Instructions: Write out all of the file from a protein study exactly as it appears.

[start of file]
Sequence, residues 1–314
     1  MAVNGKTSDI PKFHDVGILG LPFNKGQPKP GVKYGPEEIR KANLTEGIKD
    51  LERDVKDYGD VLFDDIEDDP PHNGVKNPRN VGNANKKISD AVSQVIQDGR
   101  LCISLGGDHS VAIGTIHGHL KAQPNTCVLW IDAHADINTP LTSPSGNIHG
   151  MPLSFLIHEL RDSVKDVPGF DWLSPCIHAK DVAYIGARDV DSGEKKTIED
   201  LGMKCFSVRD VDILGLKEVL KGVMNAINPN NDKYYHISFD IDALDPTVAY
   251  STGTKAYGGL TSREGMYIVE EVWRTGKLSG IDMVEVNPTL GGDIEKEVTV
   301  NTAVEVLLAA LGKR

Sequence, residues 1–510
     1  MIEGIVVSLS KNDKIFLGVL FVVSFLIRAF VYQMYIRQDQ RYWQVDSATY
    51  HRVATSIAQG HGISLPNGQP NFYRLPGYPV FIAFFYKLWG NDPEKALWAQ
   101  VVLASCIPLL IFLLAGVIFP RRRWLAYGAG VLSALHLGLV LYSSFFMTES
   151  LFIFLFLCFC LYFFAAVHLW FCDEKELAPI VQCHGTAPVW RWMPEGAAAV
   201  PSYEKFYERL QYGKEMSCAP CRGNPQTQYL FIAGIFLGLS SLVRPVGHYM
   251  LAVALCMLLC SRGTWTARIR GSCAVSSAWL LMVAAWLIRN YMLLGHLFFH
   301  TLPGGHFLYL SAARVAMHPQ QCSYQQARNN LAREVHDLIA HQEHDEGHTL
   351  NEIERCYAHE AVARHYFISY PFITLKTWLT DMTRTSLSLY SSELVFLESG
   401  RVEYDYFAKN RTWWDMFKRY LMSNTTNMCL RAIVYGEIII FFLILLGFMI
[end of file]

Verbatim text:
Sequence, residues 1–314
     1  MAVNGKTSDI PKFHDVGILG LPFNKGQPKP GVKYGPEEIR KANLTEGIKD
    51  LERDVKDYGD VLFDDIEDDP PHNGVKNPRN VGNANKKISD AVSQVIQDGR
   101  LCISLGGDHS VAIGTIHGHL KAQPNTCVLW IDAHADINTP LTSPSGNIHG
   151  MPLSFLIHEL RDSVKDVPGF DWLSPCIHAK DVAYIGARDV DSGEKKTIED
   201  LGMKCFSVRD VDILGLKEVL KGVMNAINPN NDKYYHISFD IDALDPTVAY
   251  STGTKAYGGL TSREGMYIVE EVWRTGKLSG IDMVEVNPTL GGDIEKEVTV
   301  NTAVEVLLAA LGKR

Sequence, residues 1–510
     1  MIEGIVVSLS KNDKIFLGVL FVVSFLIRAF VYQMYIRQDQ RYWQVDSATY
    51  HRVATSIAQG HGISLPNGQP NFYRLPGYPV FIAFFYKLWG NDPEKALWAQ
   101  VVLASCIPLL IFLLAGVIFP RRRWLAYGAG VLSALHLGLV LYSSFFMTES
   151  LFIFLFLCFC LYFFAAVHLW FCDEKELAPI VQCHGTAPVW RWMPEGAAAV
   201  PSYEKFYERL QYGKEMSCAP CRGNPQTQYL FIAGIFLGLS SLVRPVGHYM
   251  LAVALCMLLC SRGTWTARIR GSCAVSSAWL LMVAAWLIRN YMLLGHLFFH
   301  TLPGGHFLYL SAARVAMHPQ QCSYQQARNN LAREVHDLIA HQEHDEGHTL
   351  NEIERCYAHE AVARHYFISY PFITLKTWLT DMTRTSLSLY SSELVFLESG
   401  RVEYDYFAKN RTWWDMFKRY LMSNTTNMCL RAIVYGEIII FFLILLGFMI